If you’re coming to the gym 3-5 times a week, eating real food and avoiding sugar, you have some of the difficult parts of staying healthy nailed down. While you continue to work on that, start dialing in these other little bits and pieces of your life outside the gym and outside of the kitchen. You’d be surprised at what that can do for you physical and mental well-being.


A Letter from Coach Andrea

As many of you already know, I have decided to take a job that will take me away from being your coach. I know you will miss my random question of the day and my sassy energy before the sun has even risen (insert my usual sarcasm).

And let us not forget the repetitive introductions ….where everyone rolls their eyes at me. I have said that I memorize names because I want to be able to scream it across the gym to get your attention if your form is off. But in all reality, I think it is important to remember people’s first names, as well as little facts about their personal life – not just their personal records (don’t worry, I remember your PR’s too). I enjoy greeting each and every one of you by name with a smile, song, smirk, dance or laugh on a daily basis. Your name is one of the most personal thing you are given in life.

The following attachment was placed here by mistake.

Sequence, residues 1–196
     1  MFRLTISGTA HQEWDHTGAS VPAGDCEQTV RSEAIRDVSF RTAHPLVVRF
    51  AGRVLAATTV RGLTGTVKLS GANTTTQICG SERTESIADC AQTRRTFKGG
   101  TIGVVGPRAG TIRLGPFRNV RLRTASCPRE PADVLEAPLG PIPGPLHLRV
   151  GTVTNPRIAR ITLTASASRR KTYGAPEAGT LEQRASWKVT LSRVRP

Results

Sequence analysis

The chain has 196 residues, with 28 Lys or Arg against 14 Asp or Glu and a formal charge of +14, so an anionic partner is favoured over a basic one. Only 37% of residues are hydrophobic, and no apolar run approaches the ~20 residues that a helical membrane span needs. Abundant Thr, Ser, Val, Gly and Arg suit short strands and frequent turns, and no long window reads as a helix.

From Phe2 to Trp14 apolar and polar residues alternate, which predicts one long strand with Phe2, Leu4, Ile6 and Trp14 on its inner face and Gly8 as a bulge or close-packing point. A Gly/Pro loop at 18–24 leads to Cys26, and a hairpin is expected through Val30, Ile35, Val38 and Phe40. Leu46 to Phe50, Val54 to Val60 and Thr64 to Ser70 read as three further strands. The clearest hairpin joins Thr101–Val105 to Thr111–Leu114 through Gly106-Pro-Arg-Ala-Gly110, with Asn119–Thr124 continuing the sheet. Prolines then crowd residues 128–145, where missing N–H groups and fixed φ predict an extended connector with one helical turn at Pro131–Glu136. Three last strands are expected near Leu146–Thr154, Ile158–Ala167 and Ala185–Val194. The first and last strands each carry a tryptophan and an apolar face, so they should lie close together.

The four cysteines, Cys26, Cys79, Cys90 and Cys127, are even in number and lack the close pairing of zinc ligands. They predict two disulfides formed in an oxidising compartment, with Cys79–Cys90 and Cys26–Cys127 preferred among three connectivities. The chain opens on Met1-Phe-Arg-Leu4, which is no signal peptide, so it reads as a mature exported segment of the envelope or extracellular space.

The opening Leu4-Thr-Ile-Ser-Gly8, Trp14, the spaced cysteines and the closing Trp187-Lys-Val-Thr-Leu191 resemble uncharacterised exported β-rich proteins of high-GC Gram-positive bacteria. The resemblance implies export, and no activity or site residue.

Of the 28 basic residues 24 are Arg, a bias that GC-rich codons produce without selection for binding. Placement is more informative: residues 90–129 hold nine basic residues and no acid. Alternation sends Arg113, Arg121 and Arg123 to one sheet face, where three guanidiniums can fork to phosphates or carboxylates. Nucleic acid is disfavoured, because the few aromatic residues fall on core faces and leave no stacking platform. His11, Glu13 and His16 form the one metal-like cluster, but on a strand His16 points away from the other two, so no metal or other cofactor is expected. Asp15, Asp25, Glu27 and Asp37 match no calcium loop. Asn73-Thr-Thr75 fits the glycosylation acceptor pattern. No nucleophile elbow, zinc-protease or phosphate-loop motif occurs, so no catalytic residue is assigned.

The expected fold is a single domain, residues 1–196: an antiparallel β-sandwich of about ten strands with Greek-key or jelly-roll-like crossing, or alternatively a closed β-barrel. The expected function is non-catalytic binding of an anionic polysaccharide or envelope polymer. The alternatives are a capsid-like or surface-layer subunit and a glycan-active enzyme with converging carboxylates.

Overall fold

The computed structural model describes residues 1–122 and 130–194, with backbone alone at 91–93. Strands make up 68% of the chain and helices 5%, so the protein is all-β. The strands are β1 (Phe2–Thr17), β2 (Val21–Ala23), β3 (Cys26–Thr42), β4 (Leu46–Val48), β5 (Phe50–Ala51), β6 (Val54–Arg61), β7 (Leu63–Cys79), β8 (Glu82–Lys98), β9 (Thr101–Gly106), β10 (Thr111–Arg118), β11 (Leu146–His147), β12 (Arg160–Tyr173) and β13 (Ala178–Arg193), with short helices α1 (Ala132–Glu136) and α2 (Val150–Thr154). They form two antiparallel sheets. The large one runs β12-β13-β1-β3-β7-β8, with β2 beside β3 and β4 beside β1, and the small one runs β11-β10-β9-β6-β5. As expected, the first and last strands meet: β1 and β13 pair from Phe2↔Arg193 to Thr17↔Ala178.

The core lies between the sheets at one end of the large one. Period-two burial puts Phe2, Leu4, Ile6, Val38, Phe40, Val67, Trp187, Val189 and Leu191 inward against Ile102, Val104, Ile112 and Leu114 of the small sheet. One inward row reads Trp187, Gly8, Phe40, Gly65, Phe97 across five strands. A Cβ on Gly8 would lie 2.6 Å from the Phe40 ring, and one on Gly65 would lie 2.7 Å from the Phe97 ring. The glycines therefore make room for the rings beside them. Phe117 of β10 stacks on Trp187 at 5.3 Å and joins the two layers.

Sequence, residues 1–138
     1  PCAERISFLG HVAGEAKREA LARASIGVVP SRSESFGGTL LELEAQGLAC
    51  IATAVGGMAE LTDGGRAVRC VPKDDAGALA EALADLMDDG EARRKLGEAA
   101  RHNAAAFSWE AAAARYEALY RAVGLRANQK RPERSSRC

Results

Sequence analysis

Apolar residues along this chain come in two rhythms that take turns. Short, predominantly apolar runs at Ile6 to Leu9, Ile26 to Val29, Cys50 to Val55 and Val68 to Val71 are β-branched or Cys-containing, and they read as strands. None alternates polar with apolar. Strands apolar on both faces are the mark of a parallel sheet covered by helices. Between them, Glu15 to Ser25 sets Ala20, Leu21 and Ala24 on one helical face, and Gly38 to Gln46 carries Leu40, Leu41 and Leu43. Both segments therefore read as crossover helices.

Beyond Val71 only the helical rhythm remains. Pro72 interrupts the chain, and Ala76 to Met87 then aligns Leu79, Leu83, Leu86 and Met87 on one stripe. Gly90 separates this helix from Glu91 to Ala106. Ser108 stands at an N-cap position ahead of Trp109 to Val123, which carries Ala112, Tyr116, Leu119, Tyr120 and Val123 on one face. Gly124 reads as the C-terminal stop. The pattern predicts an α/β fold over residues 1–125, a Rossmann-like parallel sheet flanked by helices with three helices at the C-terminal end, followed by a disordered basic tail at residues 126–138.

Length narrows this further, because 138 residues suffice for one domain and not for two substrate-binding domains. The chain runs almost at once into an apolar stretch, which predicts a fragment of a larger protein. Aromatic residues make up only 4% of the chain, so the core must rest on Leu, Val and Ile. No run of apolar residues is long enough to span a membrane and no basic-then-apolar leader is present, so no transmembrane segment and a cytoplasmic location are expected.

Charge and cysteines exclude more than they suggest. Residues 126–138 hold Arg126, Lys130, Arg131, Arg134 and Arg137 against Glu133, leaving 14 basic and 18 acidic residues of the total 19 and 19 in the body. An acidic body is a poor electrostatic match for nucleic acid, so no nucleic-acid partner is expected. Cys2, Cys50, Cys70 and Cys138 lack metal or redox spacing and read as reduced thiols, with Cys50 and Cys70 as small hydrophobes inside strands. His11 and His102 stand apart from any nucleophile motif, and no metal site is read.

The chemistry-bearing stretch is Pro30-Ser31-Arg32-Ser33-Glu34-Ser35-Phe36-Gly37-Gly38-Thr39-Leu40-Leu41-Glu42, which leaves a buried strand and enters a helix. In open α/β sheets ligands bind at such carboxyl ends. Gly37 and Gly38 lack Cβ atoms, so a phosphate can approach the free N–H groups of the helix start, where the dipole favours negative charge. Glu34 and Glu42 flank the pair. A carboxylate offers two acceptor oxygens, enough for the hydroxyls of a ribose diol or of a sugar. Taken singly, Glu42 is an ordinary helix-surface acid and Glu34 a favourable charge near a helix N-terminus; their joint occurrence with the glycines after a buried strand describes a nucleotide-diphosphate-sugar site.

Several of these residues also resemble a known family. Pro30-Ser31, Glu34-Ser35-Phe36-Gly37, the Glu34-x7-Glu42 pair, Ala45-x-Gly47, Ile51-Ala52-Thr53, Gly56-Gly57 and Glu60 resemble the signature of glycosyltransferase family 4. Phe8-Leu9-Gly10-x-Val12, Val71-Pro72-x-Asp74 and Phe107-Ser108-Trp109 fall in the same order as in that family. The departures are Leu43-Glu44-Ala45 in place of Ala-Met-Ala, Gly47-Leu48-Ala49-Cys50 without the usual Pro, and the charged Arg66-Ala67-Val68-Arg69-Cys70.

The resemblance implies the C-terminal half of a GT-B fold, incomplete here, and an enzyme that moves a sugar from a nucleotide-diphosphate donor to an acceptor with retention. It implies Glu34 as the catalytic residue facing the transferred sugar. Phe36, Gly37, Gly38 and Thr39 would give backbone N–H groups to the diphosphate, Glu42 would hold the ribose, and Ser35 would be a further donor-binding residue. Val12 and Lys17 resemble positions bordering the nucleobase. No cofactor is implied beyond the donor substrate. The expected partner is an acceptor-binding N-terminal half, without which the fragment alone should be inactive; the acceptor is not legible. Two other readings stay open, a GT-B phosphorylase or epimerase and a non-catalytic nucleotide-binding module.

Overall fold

Let us also not forget that I stand watch over the white board after your workout to collect “scores” or smiley faces. I don’t do this for the sake of the leaderboard or the post on Facebook every night, I do it because I want to hold you accountable for choosing a healthy lifestyle. I feel that if I can motivate you to take your health seriously, maybe one day you can inspire someone else as well. I have always felt that people just need one person to believe in them and their dreams are endless.

Walking into a gym, let alone a CrossFit gym, can be intimidating to some people. With the coaches/community we have at Potomac, I feel that fear can be lessened.

I am so grateful that you have allowed me to be a part of your life – sharing your job woes, family vacations or dating disasters. I know it may be small to some, but I take the job of starting our day very seriously. On the way to work every day, I ask God to allow me to be the light in someone’s day that day. You never know who will be the lucky winner of that energy (or hostility according to John P or Simon if I have not consumed coffee ).

We all have “stuff” to deal with in this lifetime and for one brief hour, I hope I have helped you laugh and not take life too seriously.

I may not be the best at expressing “gushy” emotions, but each and every one of you have had an impact on my life that I will take with me. And I will miss all of you!


How’s Your Non-Exercise Fitness (Also, “Game of Thrones” Spoiler)

Let’s make one thing clear: walking is not exercise. It is locomotion.

However… walking is better than not walking. Standing is better than sitting.

What the remainder of this post is not going to be is a plea for you to take the stairs rather than the elevator. To be frank, I already assume you do that. If you don’t, here’s my plea: take the stairs.